Looking after a spouse with dementia greatly increases your own risk of dementia

July, 2010

A long-running study has revealed that caring for a spouse with dementia is as strong a risk factor for developing Alzheimer's as having the 'Alzheimer's gene'.

A 12-year study involving 1,221 married couples ages 65 or older (part of the Cache County (Utah) Memory Study) has revealed that husbands or wives who care for spouses with dementia are six times more likely to develop Alzheimer’s themselves than those whose spouses don't have it. The increased risk is of comparable size to having the ‘Alzheimer's gene’. The researchers speculate that the great stress of caregiving might be responsible for the increased dementia risk, emphasizing the need for greater caregiver support.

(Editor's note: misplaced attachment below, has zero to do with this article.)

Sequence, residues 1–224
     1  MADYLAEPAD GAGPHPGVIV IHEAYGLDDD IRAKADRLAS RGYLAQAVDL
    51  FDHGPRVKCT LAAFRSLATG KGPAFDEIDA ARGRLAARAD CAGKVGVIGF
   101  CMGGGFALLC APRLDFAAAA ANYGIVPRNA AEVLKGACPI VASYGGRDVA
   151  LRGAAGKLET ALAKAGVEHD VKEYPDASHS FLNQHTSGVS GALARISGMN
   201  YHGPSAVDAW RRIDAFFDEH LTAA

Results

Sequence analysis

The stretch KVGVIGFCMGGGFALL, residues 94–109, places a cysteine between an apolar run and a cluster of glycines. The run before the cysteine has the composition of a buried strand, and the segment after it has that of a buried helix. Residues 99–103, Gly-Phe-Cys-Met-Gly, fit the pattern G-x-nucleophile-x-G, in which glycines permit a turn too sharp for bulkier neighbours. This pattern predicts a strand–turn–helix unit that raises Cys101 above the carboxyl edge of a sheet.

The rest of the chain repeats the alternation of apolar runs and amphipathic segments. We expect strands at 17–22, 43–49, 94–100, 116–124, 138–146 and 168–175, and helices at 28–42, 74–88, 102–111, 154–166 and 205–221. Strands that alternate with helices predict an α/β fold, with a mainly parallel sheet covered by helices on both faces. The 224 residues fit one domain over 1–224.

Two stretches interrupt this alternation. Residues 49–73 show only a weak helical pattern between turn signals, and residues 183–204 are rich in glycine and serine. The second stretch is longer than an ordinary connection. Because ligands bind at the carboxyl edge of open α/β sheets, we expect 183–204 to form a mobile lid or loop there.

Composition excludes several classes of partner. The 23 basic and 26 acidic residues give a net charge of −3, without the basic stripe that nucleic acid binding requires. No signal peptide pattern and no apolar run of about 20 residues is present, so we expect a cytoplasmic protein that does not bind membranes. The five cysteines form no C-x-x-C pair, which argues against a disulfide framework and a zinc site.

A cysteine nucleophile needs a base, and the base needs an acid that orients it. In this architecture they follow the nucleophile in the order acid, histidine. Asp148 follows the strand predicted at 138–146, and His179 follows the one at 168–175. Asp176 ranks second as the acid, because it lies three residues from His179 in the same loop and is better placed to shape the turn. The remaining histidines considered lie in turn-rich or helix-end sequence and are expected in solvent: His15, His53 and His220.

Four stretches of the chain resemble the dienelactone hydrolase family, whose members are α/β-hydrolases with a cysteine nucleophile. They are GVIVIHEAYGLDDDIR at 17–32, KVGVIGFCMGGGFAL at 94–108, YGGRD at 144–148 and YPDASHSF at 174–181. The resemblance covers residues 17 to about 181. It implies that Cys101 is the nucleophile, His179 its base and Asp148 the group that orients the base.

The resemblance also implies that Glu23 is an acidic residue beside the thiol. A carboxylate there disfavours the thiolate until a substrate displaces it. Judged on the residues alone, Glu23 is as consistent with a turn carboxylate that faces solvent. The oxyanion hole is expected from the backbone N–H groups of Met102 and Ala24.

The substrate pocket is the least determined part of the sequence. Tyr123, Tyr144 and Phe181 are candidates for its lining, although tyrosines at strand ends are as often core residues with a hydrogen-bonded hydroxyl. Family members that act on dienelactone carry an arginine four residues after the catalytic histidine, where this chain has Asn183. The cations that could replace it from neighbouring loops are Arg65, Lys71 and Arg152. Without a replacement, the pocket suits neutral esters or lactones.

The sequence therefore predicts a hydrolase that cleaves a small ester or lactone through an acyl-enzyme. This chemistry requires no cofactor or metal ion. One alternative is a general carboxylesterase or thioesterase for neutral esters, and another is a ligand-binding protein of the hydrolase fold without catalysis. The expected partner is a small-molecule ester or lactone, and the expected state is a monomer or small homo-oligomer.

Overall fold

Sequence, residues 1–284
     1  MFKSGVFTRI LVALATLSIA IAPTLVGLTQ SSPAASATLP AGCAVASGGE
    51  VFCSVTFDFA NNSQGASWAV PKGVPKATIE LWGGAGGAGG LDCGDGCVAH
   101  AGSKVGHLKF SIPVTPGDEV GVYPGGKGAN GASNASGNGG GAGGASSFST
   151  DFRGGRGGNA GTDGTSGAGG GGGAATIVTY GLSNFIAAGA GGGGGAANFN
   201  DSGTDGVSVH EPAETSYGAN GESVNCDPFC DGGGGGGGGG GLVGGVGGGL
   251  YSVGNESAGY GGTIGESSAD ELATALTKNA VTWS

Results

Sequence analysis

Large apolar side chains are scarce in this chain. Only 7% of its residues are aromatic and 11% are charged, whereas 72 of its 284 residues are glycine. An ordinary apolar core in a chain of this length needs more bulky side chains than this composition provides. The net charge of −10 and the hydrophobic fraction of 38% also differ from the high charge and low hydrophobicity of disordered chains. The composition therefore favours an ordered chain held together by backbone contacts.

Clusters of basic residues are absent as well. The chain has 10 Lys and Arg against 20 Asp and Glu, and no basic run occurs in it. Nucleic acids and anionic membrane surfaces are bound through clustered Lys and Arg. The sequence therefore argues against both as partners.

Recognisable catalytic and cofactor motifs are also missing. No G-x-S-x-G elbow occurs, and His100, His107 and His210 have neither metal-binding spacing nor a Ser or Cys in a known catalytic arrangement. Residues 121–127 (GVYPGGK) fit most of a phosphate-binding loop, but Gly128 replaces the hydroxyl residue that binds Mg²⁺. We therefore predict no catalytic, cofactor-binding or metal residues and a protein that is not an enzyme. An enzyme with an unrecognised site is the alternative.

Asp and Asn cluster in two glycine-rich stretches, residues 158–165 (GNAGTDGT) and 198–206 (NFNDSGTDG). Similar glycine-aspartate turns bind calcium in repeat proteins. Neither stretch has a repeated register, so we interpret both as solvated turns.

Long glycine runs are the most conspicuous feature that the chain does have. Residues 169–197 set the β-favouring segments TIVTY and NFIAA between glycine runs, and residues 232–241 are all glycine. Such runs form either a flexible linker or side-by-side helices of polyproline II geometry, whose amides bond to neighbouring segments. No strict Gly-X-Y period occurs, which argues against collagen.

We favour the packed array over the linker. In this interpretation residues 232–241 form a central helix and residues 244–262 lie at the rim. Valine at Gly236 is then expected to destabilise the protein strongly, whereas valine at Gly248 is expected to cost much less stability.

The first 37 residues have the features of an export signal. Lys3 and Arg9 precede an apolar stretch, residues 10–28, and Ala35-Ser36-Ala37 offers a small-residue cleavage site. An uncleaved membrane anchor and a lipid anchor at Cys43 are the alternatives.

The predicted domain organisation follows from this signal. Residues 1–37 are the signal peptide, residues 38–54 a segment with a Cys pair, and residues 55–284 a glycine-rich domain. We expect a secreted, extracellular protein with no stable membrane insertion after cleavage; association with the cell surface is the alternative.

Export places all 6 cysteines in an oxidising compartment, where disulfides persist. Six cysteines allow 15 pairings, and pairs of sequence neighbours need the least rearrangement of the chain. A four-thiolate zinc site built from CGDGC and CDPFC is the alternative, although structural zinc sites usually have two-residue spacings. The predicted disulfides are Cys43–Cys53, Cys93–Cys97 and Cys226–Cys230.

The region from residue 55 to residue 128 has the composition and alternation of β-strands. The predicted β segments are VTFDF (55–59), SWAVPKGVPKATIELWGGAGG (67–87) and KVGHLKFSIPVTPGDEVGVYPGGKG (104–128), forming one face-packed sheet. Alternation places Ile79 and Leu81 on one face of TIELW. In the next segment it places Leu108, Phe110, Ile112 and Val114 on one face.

Reference: 

[1583] Norton, M. C., Smith K. R., Østbye T., Tschanz JA. T., Corcoran C., Schwartz S., et al.
(2010).  Greater Risk of Dementia When Spouse Has Dementia? The Cache County Study.
Journal of the American Geriatrics Society. 58(5), 895 - 900.